New Orleans Net Neutrality protest

Sen. John Kennedy Could Be the Internet's Hero

Who isn’t talking about Net Neutrality at this point?

Burger King has thrown its weight behind it. Massive tech companies like Amazon and Google support it. Eighty-three percent of the American public —  including three out of four Republicans — opposed the FCC’s destruction of it.

And as Congress considers a measure that would overturn the FCC’s vote that destroyed Net Neutrality and put the internet’s entire future at risk, all eyes are on Sen. John Kennedy of Louisiana.

Right now that measure has 50 supporters in the Senate — and needs just one more vote to pass.

Kennedy has been telling the press that he’s “honestly undecided” and that it’s a “very, very close call.” Activists and advocates have been cheering the senator on, calling on him to be a hero and stand up for his constituents and the open internet.

This week activists showed up at the senator’s offices in Baton Rouge, Lafayette, New Orleans and Shreveport to deliver more than 6,000 petition signatures from constituents urging Kennedy to back the resolution of disapproval to reverse the FCC’s bad decision.

The actions were organized by Team Internet, a decentralized group of volunteers coordinated by Demand Progress, Fight for the Future and Free Press Action Fund.

In Lafayette, Layne St. Jude, a Team Internet volunteer, told reporters that they were there to “let [Sen. Kennedy] know that he’ll be our hero if he votes to protect Net Neutrality."

In New Orleans, a crowd of about 30 people accompanied by a brass band turned out to deliver the signatures. “Net Neutrality makes America work for small businesses and for we, the people,” read one handwritten sign. “Stop the FCC.”

People across Louisiana have long thrown their support behind the open internet. Throughout the FCC’s open comment period on Net Neutrality, constituents filed their own stories urging the agency to do the right thing.

“The internet has become an invaluable tool for many people who work from home or have their own businesses,” said Jas Duplessis of Baton Rouge. “Restricting it minimizes the opportunity people have to make their own place in the world financially, destroys a large aspect of the free market and takes away from the American dream.”

“As the founder and owner of a small tech company, the enforceability of Net Neutrality is vital to my business,” said Khaled Alquaddoomi of New Orleans.

The open internet is crucial to the livelihood of Kristina Sherbourne of Baton Rouge:

My interest in Net Neutrality is twofold. [In] my full-time job, I work at an all-girls’ high school with a focus on technology, and in my personal life, I’m an online entrepreneur who uses the internet as my main pathway to reach clients, market myself and my services, find resources and communicate with peers in my industry.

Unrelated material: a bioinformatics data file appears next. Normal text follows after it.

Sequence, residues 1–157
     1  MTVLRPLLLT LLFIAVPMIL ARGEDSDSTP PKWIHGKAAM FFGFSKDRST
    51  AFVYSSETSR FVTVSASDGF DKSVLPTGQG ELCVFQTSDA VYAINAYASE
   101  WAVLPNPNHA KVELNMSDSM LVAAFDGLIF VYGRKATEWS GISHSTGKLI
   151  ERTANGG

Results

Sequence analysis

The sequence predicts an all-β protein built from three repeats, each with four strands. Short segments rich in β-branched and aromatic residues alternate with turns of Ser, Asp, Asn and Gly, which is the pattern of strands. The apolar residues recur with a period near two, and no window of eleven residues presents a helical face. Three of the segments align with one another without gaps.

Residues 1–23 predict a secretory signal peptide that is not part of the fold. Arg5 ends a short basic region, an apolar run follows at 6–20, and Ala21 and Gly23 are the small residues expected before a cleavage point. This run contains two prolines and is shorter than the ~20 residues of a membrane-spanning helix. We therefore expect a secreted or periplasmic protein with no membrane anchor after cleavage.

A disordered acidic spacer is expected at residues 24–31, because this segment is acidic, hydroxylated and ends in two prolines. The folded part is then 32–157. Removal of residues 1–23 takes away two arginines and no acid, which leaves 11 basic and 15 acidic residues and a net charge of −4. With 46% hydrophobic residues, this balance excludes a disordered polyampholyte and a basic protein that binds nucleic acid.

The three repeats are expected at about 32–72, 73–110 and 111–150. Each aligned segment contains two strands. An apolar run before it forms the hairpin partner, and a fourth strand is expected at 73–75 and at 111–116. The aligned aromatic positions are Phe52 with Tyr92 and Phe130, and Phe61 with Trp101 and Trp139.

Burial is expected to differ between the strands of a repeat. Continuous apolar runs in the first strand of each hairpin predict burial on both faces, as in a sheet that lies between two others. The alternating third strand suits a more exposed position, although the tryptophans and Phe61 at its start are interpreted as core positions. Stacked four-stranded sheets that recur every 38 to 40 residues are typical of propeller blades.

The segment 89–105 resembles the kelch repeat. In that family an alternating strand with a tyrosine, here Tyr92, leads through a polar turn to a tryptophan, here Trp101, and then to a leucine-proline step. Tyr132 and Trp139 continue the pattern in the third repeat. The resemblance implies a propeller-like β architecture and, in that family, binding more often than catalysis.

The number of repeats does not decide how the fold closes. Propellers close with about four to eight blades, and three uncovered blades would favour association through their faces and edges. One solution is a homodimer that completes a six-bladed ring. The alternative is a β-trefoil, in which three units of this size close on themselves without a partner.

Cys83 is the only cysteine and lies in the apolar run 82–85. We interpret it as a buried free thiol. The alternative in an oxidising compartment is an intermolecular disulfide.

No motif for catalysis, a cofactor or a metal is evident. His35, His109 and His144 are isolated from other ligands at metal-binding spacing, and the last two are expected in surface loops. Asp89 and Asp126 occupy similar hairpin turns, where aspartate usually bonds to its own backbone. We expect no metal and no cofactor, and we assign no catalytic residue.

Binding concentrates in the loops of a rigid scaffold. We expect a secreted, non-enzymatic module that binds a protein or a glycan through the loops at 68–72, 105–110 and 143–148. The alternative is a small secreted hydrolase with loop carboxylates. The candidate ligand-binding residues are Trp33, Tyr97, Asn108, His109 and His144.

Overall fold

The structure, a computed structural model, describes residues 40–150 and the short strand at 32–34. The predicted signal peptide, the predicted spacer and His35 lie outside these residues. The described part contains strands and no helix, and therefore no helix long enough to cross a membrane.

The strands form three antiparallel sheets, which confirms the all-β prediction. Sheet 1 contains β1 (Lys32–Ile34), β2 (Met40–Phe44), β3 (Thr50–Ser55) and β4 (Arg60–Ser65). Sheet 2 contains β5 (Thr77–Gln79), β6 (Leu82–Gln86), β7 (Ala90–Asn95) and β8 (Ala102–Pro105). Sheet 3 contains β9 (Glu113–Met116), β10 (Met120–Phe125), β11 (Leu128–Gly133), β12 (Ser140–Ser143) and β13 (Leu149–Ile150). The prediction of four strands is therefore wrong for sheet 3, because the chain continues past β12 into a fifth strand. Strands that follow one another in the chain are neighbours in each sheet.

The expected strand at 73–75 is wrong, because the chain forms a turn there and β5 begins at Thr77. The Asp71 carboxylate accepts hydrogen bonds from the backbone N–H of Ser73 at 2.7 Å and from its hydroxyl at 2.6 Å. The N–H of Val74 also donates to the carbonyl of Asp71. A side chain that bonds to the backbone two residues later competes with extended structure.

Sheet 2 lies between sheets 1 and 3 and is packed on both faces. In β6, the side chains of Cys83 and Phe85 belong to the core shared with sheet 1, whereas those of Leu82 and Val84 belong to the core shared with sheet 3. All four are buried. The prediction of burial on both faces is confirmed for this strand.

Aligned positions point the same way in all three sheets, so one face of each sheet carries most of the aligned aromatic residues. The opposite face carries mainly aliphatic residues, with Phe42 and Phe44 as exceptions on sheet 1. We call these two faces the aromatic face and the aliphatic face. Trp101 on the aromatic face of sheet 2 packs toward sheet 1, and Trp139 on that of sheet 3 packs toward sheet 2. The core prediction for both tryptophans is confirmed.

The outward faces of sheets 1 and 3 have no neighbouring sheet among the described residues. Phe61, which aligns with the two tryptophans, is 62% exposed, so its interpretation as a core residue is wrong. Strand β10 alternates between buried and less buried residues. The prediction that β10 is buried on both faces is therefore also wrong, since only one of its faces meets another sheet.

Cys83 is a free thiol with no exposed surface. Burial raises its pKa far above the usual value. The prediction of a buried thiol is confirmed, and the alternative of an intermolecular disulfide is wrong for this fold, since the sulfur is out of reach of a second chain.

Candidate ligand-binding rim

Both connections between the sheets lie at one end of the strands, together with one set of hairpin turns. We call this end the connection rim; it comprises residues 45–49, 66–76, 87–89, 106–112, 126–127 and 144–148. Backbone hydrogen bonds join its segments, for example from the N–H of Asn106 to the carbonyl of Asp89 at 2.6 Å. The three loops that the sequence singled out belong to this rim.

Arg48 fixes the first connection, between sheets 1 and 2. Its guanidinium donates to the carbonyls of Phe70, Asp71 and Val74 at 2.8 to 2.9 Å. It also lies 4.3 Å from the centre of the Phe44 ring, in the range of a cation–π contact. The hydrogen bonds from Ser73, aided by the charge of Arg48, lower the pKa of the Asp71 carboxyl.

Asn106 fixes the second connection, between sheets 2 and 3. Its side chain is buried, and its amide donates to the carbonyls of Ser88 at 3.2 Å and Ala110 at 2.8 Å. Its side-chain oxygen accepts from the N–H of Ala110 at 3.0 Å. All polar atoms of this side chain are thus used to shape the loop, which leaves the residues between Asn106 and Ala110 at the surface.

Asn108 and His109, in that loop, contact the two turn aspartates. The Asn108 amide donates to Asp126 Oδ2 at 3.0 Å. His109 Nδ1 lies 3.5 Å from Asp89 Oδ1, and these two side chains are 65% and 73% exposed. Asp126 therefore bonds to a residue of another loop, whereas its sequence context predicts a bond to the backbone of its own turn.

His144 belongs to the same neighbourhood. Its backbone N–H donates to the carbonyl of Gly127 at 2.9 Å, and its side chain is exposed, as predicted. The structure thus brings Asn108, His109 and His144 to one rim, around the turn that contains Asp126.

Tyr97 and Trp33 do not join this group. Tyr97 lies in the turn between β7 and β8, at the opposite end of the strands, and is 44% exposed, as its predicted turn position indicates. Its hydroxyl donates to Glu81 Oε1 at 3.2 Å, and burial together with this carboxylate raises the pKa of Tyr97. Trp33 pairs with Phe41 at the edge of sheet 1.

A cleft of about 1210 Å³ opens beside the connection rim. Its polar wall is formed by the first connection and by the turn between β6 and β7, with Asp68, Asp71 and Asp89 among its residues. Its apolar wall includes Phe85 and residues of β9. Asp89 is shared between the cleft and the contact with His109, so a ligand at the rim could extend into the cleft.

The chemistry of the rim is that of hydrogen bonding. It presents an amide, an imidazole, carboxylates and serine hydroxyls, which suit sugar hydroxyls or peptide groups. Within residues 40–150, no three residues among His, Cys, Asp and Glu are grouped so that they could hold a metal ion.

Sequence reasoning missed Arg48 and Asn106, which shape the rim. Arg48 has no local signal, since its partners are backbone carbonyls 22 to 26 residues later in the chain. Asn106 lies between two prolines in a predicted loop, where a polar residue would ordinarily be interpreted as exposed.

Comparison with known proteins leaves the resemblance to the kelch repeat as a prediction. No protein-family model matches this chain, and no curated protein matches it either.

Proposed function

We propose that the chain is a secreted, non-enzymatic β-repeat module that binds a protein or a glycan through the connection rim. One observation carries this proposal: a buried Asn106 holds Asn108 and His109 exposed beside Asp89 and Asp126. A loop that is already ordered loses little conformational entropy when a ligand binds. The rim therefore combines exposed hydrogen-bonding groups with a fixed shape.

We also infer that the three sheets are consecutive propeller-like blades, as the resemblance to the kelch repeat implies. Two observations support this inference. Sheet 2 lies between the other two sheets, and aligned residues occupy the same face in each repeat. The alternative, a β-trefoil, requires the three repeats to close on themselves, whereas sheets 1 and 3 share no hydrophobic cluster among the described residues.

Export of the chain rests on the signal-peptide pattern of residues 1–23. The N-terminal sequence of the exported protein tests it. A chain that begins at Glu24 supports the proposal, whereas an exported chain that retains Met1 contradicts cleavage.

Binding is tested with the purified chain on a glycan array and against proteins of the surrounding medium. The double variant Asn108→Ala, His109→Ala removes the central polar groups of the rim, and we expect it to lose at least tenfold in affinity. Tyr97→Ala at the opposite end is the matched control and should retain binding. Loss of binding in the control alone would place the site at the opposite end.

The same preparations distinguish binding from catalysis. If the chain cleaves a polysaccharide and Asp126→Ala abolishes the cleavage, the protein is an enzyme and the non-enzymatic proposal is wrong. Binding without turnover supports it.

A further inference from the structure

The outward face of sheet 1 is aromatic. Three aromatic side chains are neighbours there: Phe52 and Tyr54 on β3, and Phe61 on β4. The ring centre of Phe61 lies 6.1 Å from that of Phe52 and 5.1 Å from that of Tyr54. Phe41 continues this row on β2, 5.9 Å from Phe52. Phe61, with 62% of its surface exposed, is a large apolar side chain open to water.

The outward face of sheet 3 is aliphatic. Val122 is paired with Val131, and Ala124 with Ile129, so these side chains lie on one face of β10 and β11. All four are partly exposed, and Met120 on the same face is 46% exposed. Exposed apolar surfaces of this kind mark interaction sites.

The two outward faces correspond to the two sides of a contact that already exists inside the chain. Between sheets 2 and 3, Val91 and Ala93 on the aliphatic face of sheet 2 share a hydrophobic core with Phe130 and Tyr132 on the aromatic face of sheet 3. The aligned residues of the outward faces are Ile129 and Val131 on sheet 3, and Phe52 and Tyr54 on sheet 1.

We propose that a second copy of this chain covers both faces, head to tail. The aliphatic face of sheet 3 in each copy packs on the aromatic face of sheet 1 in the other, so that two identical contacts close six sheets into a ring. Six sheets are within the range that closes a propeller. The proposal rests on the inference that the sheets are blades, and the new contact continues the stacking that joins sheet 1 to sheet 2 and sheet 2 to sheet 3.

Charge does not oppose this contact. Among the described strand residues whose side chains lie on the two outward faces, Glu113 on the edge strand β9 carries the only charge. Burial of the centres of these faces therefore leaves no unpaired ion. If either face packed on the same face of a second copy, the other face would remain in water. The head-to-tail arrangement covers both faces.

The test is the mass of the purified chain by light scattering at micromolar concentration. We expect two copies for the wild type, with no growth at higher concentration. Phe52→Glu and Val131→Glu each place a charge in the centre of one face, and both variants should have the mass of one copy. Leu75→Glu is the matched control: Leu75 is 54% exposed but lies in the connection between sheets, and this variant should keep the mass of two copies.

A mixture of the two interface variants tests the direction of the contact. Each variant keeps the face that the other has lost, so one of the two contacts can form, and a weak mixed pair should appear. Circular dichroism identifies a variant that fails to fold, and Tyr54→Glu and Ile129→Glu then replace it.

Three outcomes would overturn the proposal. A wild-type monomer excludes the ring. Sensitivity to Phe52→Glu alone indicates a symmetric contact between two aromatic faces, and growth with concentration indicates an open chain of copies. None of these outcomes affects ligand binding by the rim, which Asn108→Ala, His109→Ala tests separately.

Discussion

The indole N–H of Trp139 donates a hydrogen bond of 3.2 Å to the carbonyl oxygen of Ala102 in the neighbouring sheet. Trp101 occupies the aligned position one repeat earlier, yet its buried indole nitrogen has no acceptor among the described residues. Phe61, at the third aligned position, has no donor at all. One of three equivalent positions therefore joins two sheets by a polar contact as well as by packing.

I simply can’t understate the vast potential that equal internet access provides to students both young and old. The immense array of resources available online is absolutely priceless — and students of all ages and walks of life shouldn’t be limited in their access to information because ISPs are able to favor their own platforms and companies.

Likewise, I rely on fast, inexpensive internet access at home to be able to run my design business. I can choose from a range of website providers, email providers, cloud-storage providers and other online services freely. This is so, so important to me and thousands of other entrepreneurs who rely on the internet as their sole storefront, advertising platform and much more.

“I’m a small-business owner and a believer in capital markets but without meaningful legislation, small and medium-sized businesses simply cannot complete,” said New Orleans carpenter Josh Overman. “As a builder and a third-generation carpenter, I’ve seen unchecked corporate greed wipe out virtually all independent lumberyards and in most cases, the products I buy are now of lower quality. The big-box stores also don’t sell many of the products I used to buy from local independent specialty dealers. If protections for Net Neutrality go away, the same will happen to [small] internet-based companies.”

“As a Louisiana Republican I personally am in support of strong Net Neutrality backed by Title II oversight of ISPs,” said Thomas Gary of New Iberia. “Let the free market reign by keeping the internet an equal playing field for small startups [so they can compete with] big companies with big pockets.”

Many of Louisiana’s small-business owners sell through online marketplaces like Etsy that have long championed Net Neutrality.

“I’m a small-business owner,” wrote Hanley Hamblin of West Monroe. “I started a small Etsy-based business to help contribute to my family’s income while I care for my young son who has autism. I believe that Net Neutrality helps to level the playing field for small businesses, especially those that are closely connected to their niche customers.”   

“Net Neutrality shouldn’t even be up for debate,” wrote Gelon Madison of Kenner. “Is free speech necessary? Is the right to assemble, such as one can in communities on the internet, no longer a right? I am both very angry and afraid that this is on the table for abolition.

“I’m a young Black mother of a Black family in a society that still believes our lives do not matter. Were it not for the internet, where people like me can share and support each other, I’m certain things would be much worse for me and my children.”

This Friday at 12:30 p.m. EST we're hosting a special webinar on Net Neutrality and Louisiana: Sign up here.

Check out some inspiring images from this week's action:

People + Policy

= Positive Change for the Public Good

people + policy = Positive Change for the Public Good